THE TERRACOTTA ARMY, the royal tombs of Ur, and Olduvai Gorge's Zinjanthropus boisei: some archaeological discoveries of the twentieth century are household names. However, for the most part, we excavators work in quiet anonymity, far from the blaring headlines, despite the efforts of university public relations officers to promote even a minor find as being of international significance. In the popular eye we're still romantic figures, perhaps a trifle eccentric, who poke into royal tombs and dig in the shadow of pyramids. The epic work of Austen Henry Layard at Nineveh and of John Lloyd Stephens in the Maya rainforest in the 1840s, and of Heinrich Schliemann at Troy and Mycenae a generation later, set the tone. Lost civilizations emerging from clinging vines, and, above all, pharaohs' gold, are irresistible lures for the romantically inclined. That redoubtable traveller Rose Macaulay was seduced by her rambles through long-deserted cities, and wrote in her classic travelogue The Pleasure of Ruins (1953) of 'the marble and gold of palaces, the laurel and jasmine of gardens, [that] are now brambles and lagoons; the house built for Caesar is now dwelt in by lizards.' The study of the past, though now a highly specialized science, will never escape the lure of ruins.
Part of the romance of discovery comes from the personalities of the major archaeologists of a century ago. Hollywood's Indiana Jones is said to be a composite of at least three genuine excavators of yesteryear. Many of the great discoverers were compelling figures, such as Leonard Woolley of Ur (1880-1960) or Harriet Hawes (1871-1945) who excavated the Minoan village at Gournia on Crete almost alone in the first years of the twentieth century, when the site was inaccessible except by mule; or palaeoanthropologists Louis (1880-1960) and Mary Leakey (1913-96) of Olduvai Gorge fame.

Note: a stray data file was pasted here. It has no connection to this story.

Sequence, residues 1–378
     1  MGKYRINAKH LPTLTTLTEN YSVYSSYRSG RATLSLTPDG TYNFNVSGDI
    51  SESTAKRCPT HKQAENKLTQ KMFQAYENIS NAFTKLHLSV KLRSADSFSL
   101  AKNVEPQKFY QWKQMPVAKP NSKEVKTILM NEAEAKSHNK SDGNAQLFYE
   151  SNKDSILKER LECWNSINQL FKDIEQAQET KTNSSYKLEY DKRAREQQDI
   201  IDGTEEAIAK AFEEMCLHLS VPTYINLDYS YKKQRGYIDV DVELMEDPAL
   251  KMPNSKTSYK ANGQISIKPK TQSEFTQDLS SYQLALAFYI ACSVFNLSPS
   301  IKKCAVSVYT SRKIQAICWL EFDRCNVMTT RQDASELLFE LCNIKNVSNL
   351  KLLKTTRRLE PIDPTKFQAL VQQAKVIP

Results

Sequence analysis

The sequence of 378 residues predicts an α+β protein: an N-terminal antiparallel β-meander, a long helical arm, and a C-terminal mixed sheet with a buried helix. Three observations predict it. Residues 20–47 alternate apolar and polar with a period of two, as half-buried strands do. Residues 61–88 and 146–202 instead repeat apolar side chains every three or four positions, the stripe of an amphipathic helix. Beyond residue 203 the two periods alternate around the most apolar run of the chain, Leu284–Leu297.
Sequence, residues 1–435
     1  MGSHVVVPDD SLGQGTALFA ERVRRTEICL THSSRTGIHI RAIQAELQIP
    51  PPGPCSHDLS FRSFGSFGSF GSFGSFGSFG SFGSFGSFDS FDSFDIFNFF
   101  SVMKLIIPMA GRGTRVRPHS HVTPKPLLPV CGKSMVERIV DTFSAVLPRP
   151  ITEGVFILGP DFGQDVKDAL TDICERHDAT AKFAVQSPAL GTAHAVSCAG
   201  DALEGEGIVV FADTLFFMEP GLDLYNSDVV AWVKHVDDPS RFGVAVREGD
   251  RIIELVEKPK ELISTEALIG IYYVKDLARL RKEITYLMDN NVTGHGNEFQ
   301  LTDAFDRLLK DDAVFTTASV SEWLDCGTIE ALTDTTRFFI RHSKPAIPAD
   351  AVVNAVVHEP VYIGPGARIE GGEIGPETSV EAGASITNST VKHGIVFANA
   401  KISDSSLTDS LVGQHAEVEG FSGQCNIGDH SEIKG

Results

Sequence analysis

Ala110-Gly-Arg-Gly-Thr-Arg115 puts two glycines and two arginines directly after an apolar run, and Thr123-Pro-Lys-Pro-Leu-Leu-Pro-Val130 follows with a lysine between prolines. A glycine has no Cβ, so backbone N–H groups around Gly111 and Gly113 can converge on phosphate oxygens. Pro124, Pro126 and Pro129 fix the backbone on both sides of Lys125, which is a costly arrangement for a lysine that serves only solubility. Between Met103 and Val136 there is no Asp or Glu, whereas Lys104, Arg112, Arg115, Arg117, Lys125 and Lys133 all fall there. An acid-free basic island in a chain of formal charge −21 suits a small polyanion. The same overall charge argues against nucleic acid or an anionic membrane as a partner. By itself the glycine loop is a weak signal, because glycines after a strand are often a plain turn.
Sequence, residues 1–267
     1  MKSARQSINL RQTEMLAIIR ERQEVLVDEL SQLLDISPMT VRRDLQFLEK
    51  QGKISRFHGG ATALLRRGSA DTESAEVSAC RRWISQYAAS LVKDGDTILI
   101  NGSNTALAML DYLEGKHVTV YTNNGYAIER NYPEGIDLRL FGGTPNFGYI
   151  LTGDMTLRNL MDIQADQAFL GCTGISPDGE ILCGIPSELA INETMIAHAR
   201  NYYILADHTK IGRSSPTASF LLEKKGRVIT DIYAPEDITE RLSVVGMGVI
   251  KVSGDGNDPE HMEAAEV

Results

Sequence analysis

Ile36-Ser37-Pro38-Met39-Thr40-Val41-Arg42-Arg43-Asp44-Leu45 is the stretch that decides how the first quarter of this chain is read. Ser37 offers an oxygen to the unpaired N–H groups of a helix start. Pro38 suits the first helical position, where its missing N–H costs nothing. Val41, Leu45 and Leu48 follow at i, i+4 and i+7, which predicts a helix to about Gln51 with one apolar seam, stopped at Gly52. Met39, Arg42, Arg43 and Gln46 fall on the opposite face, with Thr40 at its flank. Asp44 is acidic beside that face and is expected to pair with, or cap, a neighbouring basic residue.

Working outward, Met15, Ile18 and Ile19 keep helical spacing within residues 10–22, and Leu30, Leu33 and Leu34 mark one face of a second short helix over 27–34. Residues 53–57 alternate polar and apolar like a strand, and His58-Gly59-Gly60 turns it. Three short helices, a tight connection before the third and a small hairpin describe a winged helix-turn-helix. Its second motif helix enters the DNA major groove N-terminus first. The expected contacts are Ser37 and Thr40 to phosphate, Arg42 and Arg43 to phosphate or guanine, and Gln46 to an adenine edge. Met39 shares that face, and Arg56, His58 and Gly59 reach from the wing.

The world of archaeology was an intellectual village in their day, where everyone knew everyone else and the gossip was ferocious. Just a handful worked outside the narrow confines of Europe, the Mediterranean, and North America. In 1959, the year Mary Leakey found Zinjanthropus, there were under a dozen archaeologists in sub-Saharan Africa and less than a handful in Australia and New Zealand. Considering the small numbers and the shoestring budgets, the quantity of important discoveries was astonishing.
Today, the number of archaeologists working around the world has mushroomed to perhaps 10,000. Many of them are engaged in heritage and monuments administration, but a large number are actively involved in excavation and discovery. The great expansion of archaeology coincided with the explosion of higher education during the 1960s, at the same time as radiocarbon dating burst on the study of the remote past like a thunderclap. I vividly remember the nervous frisson that swept through our comfortable world when radiocarbon samples suddenly dated the beginnings of agriculture in southwestern Asia previously thought to have occurred in the fifth millennium BC--to 6,000 BC and then even earlier. Soon afterward another new method, potassium argon dating, pushed human origins back to at least 2 million years ago. More recently, even earlier human ancestors date to at least 4 million.
Today's archaeology bears less and less resemblance to that of a half century ago. The best excavators of the 1950s were maestros of their craft. Their successors have refined digging and archaeological survey into a fine-grained science, by the use of subsurface radar and other technologies to probe the earth, and by close collaboration with scientists from many disciplines--everyone from botanists to ice-core climatologists, even beetle and earthworm specialists. Many recent discoveries have come from the laboratory rather than the trench, through work on hominin fossils, artefacts, on human bone and occasionally surviving tissue, and from cutting-edge research on ancient DNA. …